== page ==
initial sample includes 10,040 activist events in over 30 countries during the 1984-2019 period. The number

of campaigns reduces to 8,158 once we exclude non-US campaigns. We identify 4,286 activist hedge fund

campaigns by matching the activist names in the SharkRepellent database with those in the list of 661

activist hedge funds provided by Alon Brav using the information from corporate websites, news articles

7

that discuss the activists, and SEC filings.

8

We use the announcement date of the activist campaign as the

event date.

9

We match each firm targeted by activist hedge funds with a firm with the same name in the

CRSP/Compustat database. This process reduces the number of campaigns to 3,125 with valid GVKEY

and PERMNO identifiers. Of these, 1,857 have campaign announcement dates between 1998 and 2012.

After excluding 339 campaigns with missing financial/accounting data in the announcement year, our study

sample comprises 1,518 hedge fund campaigns and 1,401 firms with hedge fund activism.

10

We retrieve all mergers and acquisitions for US companies from the Thomson Reuters Securities

Data Company (SDC) database with (i) announcement dates between 1993 and 2015, (ii) disclosed

transaction values greater than $1 million, (iii) the acquirer owns less than 50% of the target stock before

the acquisition and owns more than 50% after the purchase, and (iv) economically significant deals, i.e.,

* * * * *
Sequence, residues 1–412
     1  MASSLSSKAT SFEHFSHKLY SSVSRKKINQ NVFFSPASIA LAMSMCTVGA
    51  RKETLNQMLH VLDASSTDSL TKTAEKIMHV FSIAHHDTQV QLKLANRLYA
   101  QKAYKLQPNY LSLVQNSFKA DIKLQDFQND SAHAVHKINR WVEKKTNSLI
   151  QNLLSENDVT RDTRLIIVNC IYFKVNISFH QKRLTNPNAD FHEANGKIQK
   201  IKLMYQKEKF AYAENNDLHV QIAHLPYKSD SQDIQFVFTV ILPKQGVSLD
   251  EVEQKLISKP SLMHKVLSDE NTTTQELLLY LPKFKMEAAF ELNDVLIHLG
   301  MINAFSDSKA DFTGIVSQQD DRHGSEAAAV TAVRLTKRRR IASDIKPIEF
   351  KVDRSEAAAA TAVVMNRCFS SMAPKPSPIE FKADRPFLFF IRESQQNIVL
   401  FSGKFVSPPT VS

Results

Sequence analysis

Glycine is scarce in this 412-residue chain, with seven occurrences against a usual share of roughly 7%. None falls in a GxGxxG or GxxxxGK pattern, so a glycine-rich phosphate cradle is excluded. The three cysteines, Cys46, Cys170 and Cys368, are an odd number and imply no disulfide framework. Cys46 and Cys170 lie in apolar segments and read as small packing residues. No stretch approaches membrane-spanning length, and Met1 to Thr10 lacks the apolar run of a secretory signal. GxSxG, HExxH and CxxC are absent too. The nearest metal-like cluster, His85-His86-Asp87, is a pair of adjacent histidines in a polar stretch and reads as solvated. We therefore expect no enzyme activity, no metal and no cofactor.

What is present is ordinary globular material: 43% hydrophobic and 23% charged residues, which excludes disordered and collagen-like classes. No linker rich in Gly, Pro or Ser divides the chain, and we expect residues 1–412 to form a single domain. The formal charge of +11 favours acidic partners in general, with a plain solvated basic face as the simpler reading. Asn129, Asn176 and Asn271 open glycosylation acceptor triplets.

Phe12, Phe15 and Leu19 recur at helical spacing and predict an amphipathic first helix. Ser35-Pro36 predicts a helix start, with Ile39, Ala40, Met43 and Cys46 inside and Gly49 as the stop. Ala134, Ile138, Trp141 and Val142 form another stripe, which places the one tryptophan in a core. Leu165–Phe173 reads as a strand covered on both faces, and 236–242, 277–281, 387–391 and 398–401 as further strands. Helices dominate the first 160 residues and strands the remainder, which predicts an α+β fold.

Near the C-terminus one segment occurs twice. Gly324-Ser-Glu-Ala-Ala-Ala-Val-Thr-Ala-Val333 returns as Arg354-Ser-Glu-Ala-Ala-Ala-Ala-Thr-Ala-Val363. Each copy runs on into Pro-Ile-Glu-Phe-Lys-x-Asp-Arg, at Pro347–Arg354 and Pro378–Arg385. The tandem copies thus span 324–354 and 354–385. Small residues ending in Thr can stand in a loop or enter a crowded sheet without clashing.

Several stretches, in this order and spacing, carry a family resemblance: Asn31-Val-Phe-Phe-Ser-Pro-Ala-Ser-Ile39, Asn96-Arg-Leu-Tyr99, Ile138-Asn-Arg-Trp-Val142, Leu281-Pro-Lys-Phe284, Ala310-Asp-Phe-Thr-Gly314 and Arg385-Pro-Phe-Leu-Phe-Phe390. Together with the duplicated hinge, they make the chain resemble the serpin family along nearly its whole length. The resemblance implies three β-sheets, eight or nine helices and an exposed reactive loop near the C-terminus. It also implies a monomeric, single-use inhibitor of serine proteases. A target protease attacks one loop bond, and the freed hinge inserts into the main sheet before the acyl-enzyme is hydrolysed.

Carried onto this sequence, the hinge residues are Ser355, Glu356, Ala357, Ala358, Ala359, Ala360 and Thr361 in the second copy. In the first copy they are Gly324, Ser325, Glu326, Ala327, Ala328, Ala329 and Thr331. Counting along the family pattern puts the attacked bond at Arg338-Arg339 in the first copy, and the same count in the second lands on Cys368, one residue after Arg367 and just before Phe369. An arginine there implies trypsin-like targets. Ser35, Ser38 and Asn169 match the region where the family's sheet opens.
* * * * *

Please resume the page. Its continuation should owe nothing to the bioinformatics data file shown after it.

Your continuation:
deals with a relative deal size (i.e., the ratio of the transaction value to the market value of the acquirer)

larger than 1% (Moeller et al., 2005; Hsieh and Walking 2005). As in Gantchev et al. (2019), we include in

the study sample only those firms that undertook at least one qualified M&A during a five-year window

before hedge fund activism.

11

Our final sample comprises 465 activist hedge fund campaigns and 429

unique firm-year observations with prior M&A experience over a five-year window leading up to the

activism announcement year.

8

We manually match activist names and consolidate changes in fund names before merging with Alon Brav’s data.

For instance, we consolidate “Ramius LLC” and “Ramius Capital Group LLC” in the SharkRepellent database as

“RCG HOLDINGS LLC.” Similarly, we consolidate “Riley Investment Management LLC,” “B. Riley and Co., Inc.,”

and “B. Riley & Co. LLC” as “SACC PARTNERS LLC” because Bryant R. Riley owns Riley Investment

Management (RIM) and RIM is the investment adviser to and general partner of SACC Partners. For a campaign with

multiple activists in the SharkRepellent database, we consider it a hedge fund campaign if there is at least one activist

name matched with the list.

9

This is the date of an activist press release or the date of a Schedule 13D or other SEC filing that indicates the

initiation of hedge fund activism.

10

Of the 1,401 firms with hedge fund activism, 1,295 firms had one hedge fund campaign, 95 had two hedge fund